6. Begin the planning for a “micro-expedition.”
Explain that students will now have an opportunity to plan their own expedition—a “micro-expedition.” Have students refer back to the ideas generated from Activity 1, “Why we Explore”, and brainstorm in small groups research questions about a place where they could potentially conduct the micro-expedition nearby. Have them use the Micro-Expedition Planning and Preparation graphic organizer to organize their ideas and to consider all the aspects of their micro-expedition.
7. Create an interactive map for their micro-expeditions and discuss.
Once students have determined the site for their micro-expedition, give each group a few minutes at a shared computer to mark the site of their proposed micro-expedition using the Mapmaker Interactive. Once the map is complete, have each group present their micro-expedition idea to the class, including showing the location on the projected map and explaining the what, where, and how of their idea. Decide as a class whether students are drawn to a particular group’s idea, or whether the groups should take time to further research and refine their proposed micro-expeditions.
Evaluate how thoroughly the groups are considering aspects of their proposed micro-expedition. Assess the clarity of their main aim statement and supporting objectives. Does the expedition seem feasible? Give feedback that helps students to further refine their ideas.
Extending the Learning
Inquire at a university or museum about a guest speaker who has been part of a research expedition. Ask him or her to speak with your students in person or via video conference about the realities of conducting fieldwork. Students can also ask for micro-expedition planning and preparation advice.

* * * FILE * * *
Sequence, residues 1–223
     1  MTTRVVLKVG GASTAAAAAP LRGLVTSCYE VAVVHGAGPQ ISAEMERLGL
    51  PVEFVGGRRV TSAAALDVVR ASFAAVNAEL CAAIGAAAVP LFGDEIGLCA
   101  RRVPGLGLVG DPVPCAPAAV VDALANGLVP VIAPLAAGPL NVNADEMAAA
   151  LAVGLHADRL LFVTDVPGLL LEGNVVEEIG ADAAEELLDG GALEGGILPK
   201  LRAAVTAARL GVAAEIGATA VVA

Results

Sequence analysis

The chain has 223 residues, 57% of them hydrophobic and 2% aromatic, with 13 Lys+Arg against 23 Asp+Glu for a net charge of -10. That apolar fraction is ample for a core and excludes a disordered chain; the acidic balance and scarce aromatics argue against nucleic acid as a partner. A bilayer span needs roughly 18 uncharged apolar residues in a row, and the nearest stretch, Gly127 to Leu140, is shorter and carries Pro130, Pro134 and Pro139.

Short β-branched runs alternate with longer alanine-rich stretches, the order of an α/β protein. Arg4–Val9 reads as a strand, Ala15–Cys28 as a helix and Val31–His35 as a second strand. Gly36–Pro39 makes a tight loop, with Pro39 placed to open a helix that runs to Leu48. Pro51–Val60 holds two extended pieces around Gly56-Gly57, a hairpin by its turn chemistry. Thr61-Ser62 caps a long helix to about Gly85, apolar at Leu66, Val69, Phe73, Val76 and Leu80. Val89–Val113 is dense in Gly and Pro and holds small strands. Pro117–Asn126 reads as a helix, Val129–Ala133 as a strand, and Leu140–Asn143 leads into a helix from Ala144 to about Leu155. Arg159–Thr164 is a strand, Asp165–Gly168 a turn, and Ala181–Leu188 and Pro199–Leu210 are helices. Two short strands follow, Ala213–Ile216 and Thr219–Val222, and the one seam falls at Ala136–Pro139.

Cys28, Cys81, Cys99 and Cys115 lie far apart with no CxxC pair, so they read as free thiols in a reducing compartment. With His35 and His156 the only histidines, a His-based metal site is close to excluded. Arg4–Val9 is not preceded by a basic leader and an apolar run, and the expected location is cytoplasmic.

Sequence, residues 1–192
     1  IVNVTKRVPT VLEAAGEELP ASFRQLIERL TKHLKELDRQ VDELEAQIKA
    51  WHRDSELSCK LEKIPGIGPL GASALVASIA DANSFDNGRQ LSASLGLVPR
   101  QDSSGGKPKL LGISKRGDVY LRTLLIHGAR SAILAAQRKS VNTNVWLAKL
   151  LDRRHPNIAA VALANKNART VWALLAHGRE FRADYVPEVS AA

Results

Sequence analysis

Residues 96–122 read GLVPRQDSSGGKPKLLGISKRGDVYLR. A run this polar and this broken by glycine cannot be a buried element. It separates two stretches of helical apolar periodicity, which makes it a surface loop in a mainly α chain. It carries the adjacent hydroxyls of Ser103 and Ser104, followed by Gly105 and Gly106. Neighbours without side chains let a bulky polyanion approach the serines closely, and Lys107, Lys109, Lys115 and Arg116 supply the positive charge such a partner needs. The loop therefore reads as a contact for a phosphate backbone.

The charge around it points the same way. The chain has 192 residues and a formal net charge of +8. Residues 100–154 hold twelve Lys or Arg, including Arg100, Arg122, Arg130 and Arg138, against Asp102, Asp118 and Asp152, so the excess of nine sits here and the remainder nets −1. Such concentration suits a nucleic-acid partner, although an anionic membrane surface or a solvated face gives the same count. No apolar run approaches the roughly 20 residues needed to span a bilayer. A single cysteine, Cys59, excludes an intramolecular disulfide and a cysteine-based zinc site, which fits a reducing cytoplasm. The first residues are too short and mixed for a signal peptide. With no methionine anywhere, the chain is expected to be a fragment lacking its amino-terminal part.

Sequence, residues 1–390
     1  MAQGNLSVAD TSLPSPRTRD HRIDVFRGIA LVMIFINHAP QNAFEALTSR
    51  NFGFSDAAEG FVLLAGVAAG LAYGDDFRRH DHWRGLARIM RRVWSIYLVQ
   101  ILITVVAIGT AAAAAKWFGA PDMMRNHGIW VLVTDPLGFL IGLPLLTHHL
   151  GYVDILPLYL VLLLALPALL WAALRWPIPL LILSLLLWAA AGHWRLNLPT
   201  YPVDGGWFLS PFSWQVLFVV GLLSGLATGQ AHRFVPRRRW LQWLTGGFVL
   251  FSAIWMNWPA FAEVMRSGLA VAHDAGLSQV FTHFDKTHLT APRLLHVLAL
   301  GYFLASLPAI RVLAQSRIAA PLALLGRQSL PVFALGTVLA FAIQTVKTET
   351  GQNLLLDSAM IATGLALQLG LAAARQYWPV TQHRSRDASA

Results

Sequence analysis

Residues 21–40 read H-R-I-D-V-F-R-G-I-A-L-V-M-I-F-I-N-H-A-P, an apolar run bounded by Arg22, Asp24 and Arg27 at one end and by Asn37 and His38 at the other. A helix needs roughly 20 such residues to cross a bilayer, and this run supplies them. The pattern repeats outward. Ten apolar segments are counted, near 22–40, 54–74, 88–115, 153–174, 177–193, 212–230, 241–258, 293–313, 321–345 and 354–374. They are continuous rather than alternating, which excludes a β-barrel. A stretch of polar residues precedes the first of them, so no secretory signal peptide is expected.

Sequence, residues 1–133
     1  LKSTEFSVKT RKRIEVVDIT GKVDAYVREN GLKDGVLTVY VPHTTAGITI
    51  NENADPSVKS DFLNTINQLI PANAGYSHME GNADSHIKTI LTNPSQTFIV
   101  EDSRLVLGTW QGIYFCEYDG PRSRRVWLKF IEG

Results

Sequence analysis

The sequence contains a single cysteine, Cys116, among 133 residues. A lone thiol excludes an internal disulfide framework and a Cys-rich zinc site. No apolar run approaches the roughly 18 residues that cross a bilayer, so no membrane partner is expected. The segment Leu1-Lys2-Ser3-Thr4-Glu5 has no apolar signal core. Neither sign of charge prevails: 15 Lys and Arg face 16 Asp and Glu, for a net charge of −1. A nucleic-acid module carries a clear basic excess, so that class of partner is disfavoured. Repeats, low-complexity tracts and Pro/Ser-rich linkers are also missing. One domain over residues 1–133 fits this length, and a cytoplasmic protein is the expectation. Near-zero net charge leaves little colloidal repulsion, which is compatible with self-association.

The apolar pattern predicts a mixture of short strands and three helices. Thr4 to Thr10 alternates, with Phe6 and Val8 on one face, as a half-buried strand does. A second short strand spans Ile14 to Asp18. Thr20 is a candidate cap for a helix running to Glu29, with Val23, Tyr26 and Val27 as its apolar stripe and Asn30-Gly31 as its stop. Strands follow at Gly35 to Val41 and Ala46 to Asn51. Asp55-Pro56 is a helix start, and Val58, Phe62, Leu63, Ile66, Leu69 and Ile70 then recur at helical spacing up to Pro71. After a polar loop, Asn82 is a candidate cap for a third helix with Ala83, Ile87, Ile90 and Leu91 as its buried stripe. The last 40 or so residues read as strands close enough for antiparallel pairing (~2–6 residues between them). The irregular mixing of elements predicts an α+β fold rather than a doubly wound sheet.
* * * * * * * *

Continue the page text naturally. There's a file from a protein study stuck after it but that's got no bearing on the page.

Have students read Famous Failures, which highlights the difficulties and triumphs of expeditions. Ask students to write down some ideas about how their views of expeditions might have changed after reading this article.
Subjects & Disciplines
- list goals and considerations when planning and preparing for an expedition
- discuss a variety of considerations when planning an expedition
- compare ideas to an actual expedition’s characteristics
- apply learning about expedition planning to a micro-expedition
- Information organization
- Multimedia instruction
- 21st Century Student Outcomes
- Geographic Skills
Science and Engineering Practices
- Planning and carrying out investigations
Connections to National Standards, Principles, and Practices
IRA/NCTE Standards for the English Language Arts
- Standard 12: Students use spoken, written, and visual language to accomplish their own purposes (e.g., for learning, enjoyment, persuasion, and the exchange of information).
- Standard 8: Students use a variety of technological and informational resources (e.g., libraries, databases, computer networks, video) to gather and synthesize information and to create and communicate knowledge.
National Council for Social Studies Curriculum Standards
- Theme 3: People, Places, and Environments
National Geography Standards
- Standard 4: The physical and human characteristics of places
National Science Education Standards
What You’ll Need
Materials You Provide
- Pencils, pens
The resources are also available at the top of the page.
- Internet Access: Required
- Tech Setup: 1 computer per classroom, Monitor/screen, Projector, Speakers
- Large-group instruction
- Small-group work
This activity will require two 50-minute class periods, plus additional homework time for viewing the complete video where possible.
Expeditions, while great examples of human ingenuity and curiosity, are often time-consuming, costly, and full of uncertainty and risk. While not every obstacle can be foreseen, thorough planning is one way to help mitigate expedition risks.
Recommended Prior Activities
journey with a specific purpose, such as exploration.